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Intel dual core pentium d 940 good?

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January 4, 2012 11:07:42 PM

Hi im going to uppgrade my pentium 4 to an dual core pentium d 940, how much will this affect my gaming?

My pc is a optiplex gx620 mid tower which is rebuilded.

Thanks! :bounce: 
a b à CPUs
January 4, 2012 11:20:58 PM

Maybe a little in certain games, but it's still an old chip. It would be better to just save up for something better that will actually contribute to a significant increase in performance in gaming. Or just do an entire rebuild if you have the money.
January 4, 2012 11:23:09 PM

CDdude55 said:
Maybe a little in certain games, but it's still an old chip. It would be better to just save up for something better that will actually contribute to a significant increase in performance in gaming. Or just do an entire rebuild if you have the money.


thanks, i have like no money to rebuild a whole new computer so the pentium D should be fine right?
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a b à CPUs
January 4, 2012 11:26:38 PM

Unfortunately....not much at all. I did a similar upgrade a couple of years back from a P4 650 (3.4GHz, 90nm) with Hyperthreading to a P4D 945 (Dual Core 3.4Ghz, 65nm). I saw almost no difference in either gaming or general performance. Luckily I paid something like $30 for the upgrade so it wasn't a big deal.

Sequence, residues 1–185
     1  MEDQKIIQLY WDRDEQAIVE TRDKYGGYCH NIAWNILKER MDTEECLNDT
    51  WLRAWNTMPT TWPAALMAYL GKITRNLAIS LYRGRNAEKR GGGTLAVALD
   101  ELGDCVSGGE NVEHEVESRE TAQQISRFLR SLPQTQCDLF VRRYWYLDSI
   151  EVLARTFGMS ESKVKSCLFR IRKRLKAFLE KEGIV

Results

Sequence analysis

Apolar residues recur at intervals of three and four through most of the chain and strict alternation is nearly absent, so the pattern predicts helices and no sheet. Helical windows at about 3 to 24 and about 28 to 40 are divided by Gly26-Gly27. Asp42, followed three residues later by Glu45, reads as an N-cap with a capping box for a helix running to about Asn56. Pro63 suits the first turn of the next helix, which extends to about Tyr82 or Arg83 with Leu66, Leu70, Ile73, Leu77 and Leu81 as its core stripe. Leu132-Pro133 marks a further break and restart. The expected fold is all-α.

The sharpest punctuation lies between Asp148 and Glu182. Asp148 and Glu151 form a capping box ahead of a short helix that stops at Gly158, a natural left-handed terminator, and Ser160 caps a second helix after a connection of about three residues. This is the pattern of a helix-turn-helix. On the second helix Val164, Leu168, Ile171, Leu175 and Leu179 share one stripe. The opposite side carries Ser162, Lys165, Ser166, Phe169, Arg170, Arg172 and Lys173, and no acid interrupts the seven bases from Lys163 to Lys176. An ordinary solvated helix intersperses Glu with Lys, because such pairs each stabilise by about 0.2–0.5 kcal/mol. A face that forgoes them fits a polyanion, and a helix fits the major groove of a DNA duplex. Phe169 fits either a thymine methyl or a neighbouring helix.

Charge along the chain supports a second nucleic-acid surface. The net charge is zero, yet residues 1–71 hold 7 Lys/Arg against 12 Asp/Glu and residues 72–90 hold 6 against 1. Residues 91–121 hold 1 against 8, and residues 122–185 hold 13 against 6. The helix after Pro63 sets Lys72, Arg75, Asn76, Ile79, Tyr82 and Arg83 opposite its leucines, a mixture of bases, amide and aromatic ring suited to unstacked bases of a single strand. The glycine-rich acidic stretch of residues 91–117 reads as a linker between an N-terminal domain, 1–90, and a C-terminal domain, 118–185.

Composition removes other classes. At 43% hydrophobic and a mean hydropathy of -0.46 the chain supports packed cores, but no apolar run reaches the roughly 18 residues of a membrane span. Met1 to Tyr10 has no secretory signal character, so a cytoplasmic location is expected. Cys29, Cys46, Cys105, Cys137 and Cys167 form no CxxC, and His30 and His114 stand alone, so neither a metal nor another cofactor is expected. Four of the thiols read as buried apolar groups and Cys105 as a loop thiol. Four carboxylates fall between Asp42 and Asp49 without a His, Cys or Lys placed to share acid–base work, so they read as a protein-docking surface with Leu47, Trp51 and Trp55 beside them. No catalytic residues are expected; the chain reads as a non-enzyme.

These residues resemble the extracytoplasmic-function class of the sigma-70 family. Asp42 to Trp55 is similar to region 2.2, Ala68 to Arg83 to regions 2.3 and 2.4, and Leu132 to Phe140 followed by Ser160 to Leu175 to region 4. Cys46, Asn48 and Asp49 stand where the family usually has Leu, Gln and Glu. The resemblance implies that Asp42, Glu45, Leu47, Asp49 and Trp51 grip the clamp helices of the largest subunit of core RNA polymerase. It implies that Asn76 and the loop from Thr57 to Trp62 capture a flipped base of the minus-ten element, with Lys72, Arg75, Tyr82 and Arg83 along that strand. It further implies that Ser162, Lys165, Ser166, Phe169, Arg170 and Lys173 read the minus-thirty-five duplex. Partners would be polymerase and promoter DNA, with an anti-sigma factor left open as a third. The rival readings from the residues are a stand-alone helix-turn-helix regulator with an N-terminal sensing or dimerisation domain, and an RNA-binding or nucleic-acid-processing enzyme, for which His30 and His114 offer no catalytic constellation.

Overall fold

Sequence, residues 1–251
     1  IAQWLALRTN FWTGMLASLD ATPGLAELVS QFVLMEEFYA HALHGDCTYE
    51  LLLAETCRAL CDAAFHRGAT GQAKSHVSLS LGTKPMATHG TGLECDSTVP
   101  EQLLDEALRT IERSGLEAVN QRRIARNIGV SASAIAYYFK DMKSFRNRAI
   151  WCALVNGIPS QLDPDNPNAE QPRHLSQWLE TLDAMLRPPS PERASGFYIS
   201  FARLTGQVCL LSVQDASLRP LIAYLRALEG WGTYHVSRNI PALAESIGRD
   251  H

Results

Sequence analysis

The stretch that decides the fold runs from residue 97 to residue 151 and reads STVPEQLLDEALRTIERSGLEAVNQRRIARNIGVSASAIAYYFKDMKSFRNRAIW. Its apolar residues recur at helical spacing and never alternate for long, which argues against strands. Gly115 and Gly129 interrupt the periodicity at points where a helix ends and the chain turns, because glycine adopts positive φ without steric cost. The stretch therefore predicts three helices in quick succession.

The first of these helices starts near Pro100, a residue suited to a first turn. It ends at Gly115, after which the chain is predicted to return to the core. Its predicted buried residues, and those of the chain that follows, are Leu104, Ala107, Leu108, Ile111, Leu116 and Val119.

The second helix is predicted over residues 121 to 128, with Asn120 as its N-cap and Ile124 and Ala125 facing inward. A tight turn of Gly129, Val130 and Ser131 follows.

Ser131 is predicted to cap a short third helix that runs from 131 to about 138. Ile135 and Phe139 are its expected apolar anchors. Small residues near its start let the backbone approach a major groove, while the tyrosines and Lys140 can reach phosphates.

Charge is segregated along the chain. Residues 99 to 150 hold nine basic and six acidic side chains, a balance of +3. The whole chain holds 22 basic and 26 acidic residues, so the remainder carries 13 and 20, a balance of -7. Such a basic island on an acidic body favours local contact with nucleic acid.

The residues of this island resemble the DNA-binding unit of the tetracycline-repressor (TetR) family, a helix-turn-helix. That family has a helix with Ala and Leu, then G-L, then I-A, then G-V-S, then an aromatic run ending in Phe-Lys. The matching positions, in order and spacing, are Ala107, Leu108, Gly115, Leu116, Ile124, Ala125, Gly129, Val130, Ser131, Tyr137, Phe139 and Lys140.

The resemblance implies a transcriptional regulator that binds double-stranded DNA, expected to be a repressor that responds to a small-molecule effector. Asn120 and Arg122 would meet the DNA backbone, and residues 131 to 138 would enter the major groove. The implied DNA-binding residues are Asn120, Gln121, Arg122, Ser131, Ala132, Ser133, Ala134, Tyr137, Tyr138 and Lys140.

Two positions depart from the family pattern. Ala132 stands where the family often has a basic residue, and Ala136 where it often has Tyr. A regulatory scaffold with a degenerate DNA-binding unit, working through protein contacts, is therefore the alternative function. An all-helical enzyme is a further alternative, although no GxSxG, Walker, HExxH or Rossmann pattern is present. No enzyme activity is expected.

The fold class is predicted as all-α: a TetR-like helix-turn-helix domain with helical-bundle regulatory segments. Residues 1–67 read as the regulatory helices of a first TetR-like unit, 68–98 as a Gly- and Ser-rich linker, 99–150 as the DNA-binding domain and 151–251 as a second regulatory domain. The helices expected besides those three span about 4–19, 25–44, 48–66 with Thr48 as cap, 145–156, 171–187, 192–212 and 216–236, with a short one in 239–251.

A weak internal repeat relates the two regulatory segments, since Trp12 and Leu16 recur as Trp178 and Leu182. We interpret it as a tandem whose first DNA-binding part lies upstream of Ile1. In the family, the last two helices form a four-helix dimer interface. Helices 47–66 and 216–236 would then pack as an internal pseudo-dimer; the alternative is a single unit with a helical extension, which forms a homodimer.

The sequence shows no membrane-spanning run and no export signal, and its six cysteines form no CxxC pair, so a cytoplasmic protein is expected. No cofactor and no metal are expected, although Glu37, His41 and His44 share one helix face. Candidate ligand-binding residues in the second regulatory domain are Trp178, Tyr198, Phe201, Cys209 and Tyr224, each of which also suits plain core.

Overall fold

January 4, 2012 11:31:28 PM

87ninefiveone said:
Unfortunately....not much at all. I did a similar upgrade a couple of years back from a P4 650 (3.4GHz, 90nm) with Hyperthreading to a P4D 945 (Dual Core 3.4Ghz, 65nm). I saw almost no difference in either gaming or general performance. Luckily I paid something like $30 for the upgrade so it wasn't a big deal.


well see if the performance will change when i get it :) 
January 4, 2012 11:34:35 PM

but the pentium d has a dual core?
a c 87 à CPUs
January 4, 2012 11:44:14 PM

So what? The amount of data that a P4 can process per clock cycle is HORRIBLY low. Even a dual core atom can outperform a P4. (must be a dual core atom because they are not out of order CPUs.) Doesn't really matter how many cores the P4 has, it just can't run through data that fast.
January 4, 2012 11:45:31 PM

I think it will be a worthy upgrade so long as you are not paying much for the chip.
a c 83 à CPUs
January 5, 2012 12:32:47 AM

It's still below the minimum to run a lot of new games smoothly
January 5, 2012 1:39:40 AM

You would be better off with just getting an A4. That really says something... A4s are inexpensive and weak.
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a c 118 å Intel
January 5, 2012 2:05:16 AM

It's an upgrade, but not by much.

Generally speaking going from a Pentium D to a 2nd generation Core 2 Duo, the C2D CPU would have about 25% more processing power. Going from a 2nd gen C2D to a current Core i3 CPU would mean another 20% increase in performance, again at the same clockspeed.

Therefore, roughly speaking a Pentium D 940 3.2GHz CPU is about the equivalent to a Core i3 clocked at 1.8GHz. The slowest desktop Core i3 CPU is the i3-2100 and it's clocked at 3.1GHz.